Still there are examples of people stealing money and gaming the system so that a chain of corruption occurs. What other things are you doing to fight this? 

I check when I sign things and try to investigate the background of every contract document and payment. 

A Chinese company signed a USD1.2 billion agreement to install high-voltage electric transmission lines, connecting power from Renaissance Dam to the national grid. China loaned Ethiopia USD1.02 billion to cover most expenses. This occurred on April 16, 2013. The project was supposed to begin a month later but now a year has passed and the money has not been released. Recently, you and Sufian Ahmed, Minister of Finance and Economic Development travelled to China to inquire about the situation. Did China promise to disburse the loan?

Although they promised to provide a loan earlier, because the former EEPCo doesn’t legally exist anymore, they were asking who would pay them the loan back. They asked about the assets of the company, borrowing the money. So we tried to explain that Ethiopian Electric Power is the one that will repay the debt. So we needed to clear all these things up to obtain the loan.

Do you think the Egyptians were behind this? They have been traveling all over the world to stop financial and technical support for the dam?

I don’t think they are working to delay or stop the negotiations between us and our financers for the projects that are undertaken currently. I don’t even know if they know about the Chinese government’s involvement in these projects.

Ethiopia exports power to neighbouring nations but the local demand has not been satisfied. Even then, the tariff is very low compared with the price in the region. Why?

For now we are exporting to Sudan and Djibouti. The tariff is higher than the local cost but much cheaper as compared with the international price. We set the price through negotiations with these countries. Initially we proposed 10 US cents per KW per hour but finally we agreed on 7 US cents.

Tell us the current status of Grand Renaissance Dam? 

At the moment 33Pct of the work is completed. Most of the excavation work, which is a big milestone for the construction, is near completion. Now, placement of RCC has started.

The initial project duration was six years. It is now three years and only 33Pct has been done. Will it be completed on schedule?

The target year to finish the dam is 2017. The design was going parallel with the construction. First its capacity was around 5,200MW but it was upgraded to 6,000MW later. So far there haven’t been any technical problems. The goal is still attainable. Next year we will start producing power, 750MW. 

The Metal and Engineering Corporation (MetEC) is doing the electro mechanical work on the dam. But MetEC doesn’t have any prior experience. At times, the company didn’t even handle supplying transformers to EEPCo effectively. There were companies waiting to access power over a year after paying their contractual duties to EEPCo. But they didn’t get the service as EEPCo didn’t have enough transformers. This happened because MetEC was not supplying enough transformers at that time. And there is also a quality issue.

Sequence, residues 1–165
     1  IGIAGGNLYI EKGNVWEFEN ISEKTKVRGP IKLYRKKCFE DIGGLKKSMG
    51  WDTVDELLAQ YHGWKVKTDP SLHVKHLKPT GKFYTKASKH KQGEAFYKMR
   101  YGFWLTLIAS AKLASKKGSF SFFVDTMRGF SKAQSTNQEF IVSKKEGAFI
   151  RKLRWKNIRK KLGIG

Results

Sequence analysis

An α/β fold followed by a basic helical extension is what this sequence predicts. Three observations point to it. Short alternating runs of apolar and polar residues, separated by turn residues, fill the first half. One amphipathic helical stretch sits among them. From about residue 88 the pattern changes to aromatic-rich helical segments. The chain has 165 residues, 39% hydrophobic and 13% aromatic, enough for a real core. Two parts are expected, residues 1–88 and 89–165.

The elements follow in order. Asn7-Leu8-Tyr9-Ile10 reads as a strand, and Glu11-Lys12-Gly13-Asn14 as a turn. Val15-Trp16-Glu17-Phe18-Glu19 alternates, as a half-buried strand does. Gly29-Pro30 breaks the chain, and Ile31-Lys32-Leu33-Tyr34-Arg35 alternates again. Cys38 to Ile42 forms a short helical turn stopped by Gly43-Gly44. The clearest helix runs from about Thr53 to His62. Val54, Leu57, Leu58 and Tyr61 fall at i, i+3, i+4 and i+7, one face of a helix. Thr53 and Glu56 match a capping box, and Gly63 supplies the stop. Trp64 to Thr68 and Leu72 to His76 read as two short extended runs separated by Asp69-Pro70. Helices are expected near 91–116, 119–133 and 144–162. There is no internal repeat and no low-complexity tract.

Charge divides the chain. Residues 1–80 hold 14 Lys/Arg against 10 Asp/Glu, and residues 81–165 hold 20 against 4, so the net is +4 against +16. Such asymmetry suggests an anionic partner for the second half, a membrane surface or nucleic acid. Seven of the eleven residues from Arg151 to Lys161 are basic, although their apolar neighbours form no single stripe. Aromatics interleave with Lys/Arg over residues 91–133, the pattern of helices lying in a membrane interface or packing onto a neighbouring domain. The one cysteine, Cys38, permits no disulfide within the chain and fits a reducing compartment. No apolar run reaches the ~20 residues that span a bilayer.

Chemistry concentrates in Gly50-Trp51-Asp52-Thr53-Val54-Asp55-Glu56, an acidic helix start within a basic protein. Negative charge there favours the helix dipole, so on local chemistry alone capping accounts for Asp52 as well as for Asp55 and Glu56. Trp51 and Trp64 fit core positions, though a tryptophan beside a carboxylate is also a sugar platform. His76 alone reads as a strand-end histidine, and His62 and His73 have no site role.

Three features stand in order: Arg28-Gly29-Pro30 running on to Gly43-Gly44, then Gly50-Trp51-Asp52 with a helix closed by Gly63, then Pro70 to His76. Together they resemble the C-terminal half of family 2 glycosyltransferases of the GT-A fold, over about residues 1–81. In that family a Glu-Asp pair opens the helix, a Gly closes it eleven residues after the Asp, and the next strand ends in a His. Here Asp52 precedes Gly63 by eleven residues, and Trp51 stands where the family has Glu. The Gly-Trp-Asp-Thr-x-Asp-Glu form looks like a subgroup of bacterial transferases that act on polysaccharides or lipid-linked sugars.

When you start something you learn the hard way or the easy way. So maybe this is learning the hard way. This happens. Items that we import may not even be perfect. We don’t have 100Pct assurance. We have to learn like that. 

So far the project has consumed 27 billion birr, of which 11.5 billion is generated from the public. This is a very big project that is financed fully by local sources. However it looks like public funds may dry up soon. Many organizations and individuals are not living up to their promises. Don’t you think the project will face lack of finance?

Workers especially public sector employees have been contributing for three years by buying bonds from their salary. This is a very good source of finance. Individuals and investors who pledged money are also fulfilling their promise. Those people who work at the site of the project are also committed to finishing the job. So there is nothing to fear.

Speaking of building local skills, when do you think the country will build a dam with its own human resources?

There are Ethiopians working as sub-contractors now and MetEC is working with foreign companies. Local contractors and consultants are participating in many projects. This is a milestone to stand by our own the next time.

Do you think the Board has been supportive of your efforts?

The board usually follows projects especially the major ones. When we have financial and contractual problems, we have to report to the board and the Macroeconomic Team at the Prime Minister’s office. They follow every step of the process. So there is a lot of follow up, involvement and commitment. 

Your management philosophy?

I believe in hard work and delivering results.  We should not wait for things to come to us; we have to go for it [be proactive] instead. That is my principle. I don’t like to leave things aside. I want to finish things today unless I need some more information on the issue. Otherwise I really want to finish things on time so I will be free tomorrow if something else comes up.

Can you give a time frame for the Ethiopian people as to when the terrible power interruptions will end?

It is very difficult to give a time frame. But we are working hard. I ask our respected customers to be a little more patient. There is this saying which I like very much. “It will get darker when a new day is about to start.” So many things are beginning. I am sure when we complete all these projects which are intended to improve the nation’s service delivery infrastructure, the problem will be resolved.


2nd Year . April 2014 . No.14


Amanyehun R. Sisay

EBR Staff Writter